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Interview with Obama’s Uncle

Charles T. Payne, US Soldier during WWII in Thüringen

Charles T. Payne, US Soldier during WWII in Thüringen

Yesterday Obama was on the front page of the Thüringer Allgemeine, today it’s his great uncle, Charles T. Payne–and there’s an interview with his uncle in the paper (Read Here, but only today, the website doesn’t seem to have permalinks) talking about his time here during World War II.

Payne, then 20, was present at the liberation of Zwangsarbeitslager Ohrdruf, or the Ohrdruf Forced Labor Camp.

First, in German:

Erinnern Sie sich an die Situation dort? An das Lager? An den 4. April 1945?

Klar und deutlich. Als wir dort ankamen, wurde immer noch gekämpft. Wir standen unter Artilleriefeuer. Dann kamen wir zu dem Lager mit dem großen, hölzernen Tor und dem Stacheldrahtzaun. Zuvor an jenem Tag hatten die Wachen Gefangene zusammengetrieben und mit Maschinengewehren niedergemäht, nahe am Eingang des Lagers. Sie hielten alle ihre Trinktassen noch in den Händen, so, als ob man sie zum Essen gerufen hatte. Im Lager waren noch mehr Leichen, man hatte ihnen die Kleider ausgezogen und sie aufeinandergestapelt, zu großen Haufen. Sie waren verhungert. Ich hätte mir vorher so etwas nie vorstellen können. Und es gab ja noch so viele Lager.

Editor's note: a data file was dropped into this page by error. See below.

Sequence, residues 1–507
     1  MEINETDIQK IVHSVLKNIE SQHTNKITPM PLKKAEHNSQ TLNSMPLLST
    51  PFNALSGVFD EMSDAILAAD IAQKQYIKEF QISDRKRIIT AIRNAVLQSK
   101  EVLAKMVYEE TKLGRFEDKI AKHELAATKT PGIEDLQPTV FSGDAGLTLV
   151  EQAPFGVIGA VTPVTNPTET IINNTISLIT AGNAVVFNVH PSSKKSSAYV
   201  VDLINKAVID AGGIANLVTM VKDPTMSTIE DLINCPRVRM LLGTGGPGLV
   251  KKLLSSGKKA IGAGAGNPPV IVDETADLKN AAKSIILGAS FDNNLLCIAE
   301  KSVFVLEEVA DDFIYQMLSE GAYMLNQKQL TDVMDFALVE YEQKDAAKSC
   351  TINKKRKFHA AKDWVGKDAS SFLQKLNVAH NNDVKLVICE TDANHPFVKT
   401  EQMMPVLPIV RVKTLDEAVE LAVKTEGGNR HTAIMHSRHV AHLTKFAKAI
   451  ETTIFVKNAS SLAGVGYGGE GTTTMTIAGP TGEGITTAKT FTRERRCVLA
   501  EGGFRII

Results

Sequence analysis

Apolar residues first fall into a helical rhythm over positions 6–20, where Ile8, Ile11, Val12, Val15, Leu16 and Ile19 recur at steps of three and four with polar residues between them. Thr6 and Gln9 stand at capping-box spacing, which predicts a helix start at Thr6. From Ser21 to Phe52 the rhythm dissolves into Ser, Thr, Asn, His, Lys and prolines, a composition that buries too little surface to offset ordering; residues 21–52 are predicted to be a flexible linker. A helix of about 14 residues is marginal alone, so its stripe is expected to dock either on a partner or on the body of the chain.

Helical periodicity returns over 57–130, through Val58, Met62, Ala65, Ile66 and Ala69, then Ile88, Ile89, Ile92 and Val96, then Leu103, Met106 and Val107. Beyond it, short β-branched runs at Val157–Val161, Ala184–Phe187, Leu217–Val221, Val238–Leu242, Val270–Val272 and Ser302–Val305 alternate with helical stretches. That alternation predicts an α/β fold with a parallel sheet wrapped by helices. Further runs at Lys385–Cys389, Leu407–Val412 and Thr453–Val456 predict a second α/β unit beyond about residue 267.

English Translation (Quick and Dirty with Google Translate):

Do you remember the situation there? At the camp? On April 4th, 1945?

Loud and clear. When we arrived there was still fighting. We were under artillery fire. Then we came to the camp with the big wooden gate and the barbed wire fence. Prior to that day the guards were taken prisoner along with machine guns and niedergemäht, near the entrance of the camp. They kept all of their drinking cups in their hands, as if they had called to dinner. In the camp were more corpses, one had given them the clothes off and they are stacked on large clusters. They were starved. I would have liked something never before imagined. And there were still so many camps.

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